So if, on this holiday weekend, you open a bottle or two of American pale ale, raise a toast to these two brewers, who helped to start the other American Revolution, the one that went off not with a shot but with a pop, a pour, a swallow and a smile.
Bottoms Up: Beer Doesn’t Have to Be Boring
- Oskar Blues Brewery Dale’s (Lyons, Colo.) $1.30, 12 oz. 1/2 ***1/2 [Rating: Three and a half stars] Assertive floral and grapefruit hops aromas, clean, dry, lively and balanced.
- Otter Creek (Middlebury, Vt.) $1.55, 12 oz. *** [Rating: Three stars] Subtle, complex hops aromas of pine and citrus; delicious bitter flavors that linger.
- Flying Dog Classic (Denver) $1.50, 12. oz. *** [Rating: Three stars] Benchmark American pale ale, with potent citrus and floral hops aromas, and brisk, refreshing flavors.
- Southampton (N.Y.) $4, 22 oz. *** [Rating: Three stars] Balanced and harmonious; crisp, clean and refreshing.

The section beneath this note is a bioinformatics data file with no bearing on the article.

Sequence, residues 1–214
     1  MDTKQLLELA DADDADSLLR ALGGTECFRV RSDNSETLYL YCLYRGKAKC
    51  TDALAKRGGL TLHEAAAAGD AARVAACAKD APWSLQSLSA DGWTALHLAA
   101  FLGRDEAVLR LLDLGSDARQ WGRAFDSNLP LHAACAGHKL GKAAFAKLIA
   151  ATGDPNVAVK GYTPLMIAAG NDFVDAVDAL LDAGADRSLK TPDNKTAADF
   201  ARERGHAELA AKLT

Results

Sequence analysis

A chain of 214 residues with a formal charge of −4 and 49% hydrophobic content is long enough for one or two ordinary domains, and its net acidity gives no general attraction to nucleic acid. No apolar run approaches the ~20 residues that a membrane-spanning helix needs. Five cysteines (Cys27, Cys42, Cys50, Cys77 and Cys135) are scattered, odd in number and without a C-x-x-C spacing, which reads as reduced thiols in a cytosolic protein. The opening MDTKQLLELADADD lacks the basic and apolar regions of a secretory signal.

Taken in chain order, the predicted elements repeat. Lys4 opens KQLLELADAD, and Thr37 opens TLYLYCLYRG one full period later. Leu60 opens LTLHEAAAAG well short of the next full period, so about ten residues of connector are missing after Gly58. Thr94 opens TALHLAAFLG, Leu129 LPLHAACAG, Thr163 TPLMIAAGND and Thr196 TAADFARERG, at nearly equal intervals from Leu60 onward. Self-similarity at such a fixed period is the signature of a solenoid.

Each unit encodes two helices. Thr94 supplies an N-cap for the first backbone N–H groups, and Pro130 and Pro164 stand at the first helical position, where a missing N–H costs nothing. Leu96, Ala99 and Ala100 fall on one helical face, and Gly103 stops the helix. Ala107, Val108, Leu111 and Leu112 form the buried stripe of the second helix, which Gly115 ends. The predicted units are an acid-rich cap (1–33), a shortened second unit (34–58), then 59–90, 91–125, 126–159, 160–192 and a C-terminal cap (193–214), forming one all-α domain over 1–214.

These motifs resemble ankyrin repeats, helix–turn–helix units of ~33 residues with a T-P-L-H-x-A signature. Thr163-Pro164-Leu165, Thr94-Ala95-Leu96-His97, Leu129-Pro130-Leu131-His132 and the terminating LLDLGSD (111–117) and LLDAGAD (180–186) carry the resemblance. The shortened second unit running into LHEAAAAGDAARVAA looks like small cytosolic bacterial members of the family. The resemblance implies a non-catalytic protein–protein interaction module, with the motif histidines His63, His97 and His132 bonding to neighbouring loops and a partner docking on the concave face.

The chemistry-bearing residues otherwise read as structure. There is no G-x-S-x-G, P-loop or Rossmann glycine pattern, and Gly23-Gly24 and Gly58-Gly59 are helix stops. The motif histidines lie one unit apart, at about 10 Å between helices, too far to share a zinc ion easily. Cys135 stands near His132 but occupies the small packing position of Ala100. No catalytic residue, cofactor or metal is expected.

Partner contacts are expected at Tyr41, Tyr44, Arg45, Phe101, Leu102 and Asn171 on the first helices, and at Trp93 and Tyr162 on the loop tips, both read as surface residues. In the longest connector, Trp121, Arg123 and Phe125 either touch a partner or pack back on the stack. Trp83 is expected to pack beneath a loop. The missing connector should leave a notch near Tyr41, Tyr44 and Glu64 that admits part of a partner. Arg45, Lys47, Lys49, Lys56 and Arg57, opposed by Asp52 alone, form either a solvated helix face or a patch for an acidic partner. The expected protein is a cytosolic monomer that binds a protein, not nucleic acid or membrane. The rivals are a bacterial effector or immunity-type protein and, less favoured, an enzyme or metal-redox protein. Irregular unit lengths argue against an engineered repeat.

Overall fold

- Yards (Philadelphia) $1.20, 12 oz. *** [Rating: Three stars] Lively, with very assertive hops aromas balanced by malt flavors.
- Saranac (Utica, N.Y.) $1.30, 12 oz. 1/2 **1/2 [Rating: Two and a half stars] Grapefruit and caramel aromas, with bitter, lingering flavors.
- Anchor Liberty Ale (San Francisco) $1.60, 12 oz. ** [Rating: Two stars] Dry, clean, crisp and refreshing.
- Sierra Nevada (Chico, Calif.) $1.50, 12 oz. ** [Rating: Two stars] Mild hops aromas; nice balance of fruity and bitter flavors.
- Brooklyn Ale $1.60, 12 oz. ** [Rating: Two stars] Grapefruit and caramel aromas, with a pleasing bitterness.
- Smuttynose Shoals (Portsmouth, N.H.) $1.75, 12 oz. ** [Rating: Two stars] Citrus and caramel aromas; full-bodied and pleasing.
WHAT THE STARS MEAN:
(None) Pass It By
Ratings reflect the panel’s reaction to American ales, which were tasted with names concealed. The panelists this week are Eric Asimov; Florence Fabricant; Joe Carroll, the owner of the bar Spuyten Duyvil in Brooklyn; and Paul Sullivan, a writer and home brewer. The tasted ales represent a selection generally available in retail shops and restaurants. Prices are those paid in the New York region.
See original article at: http://www.nytimes.com/2005/06/29/dining/crisp-complex-and-refreshing.html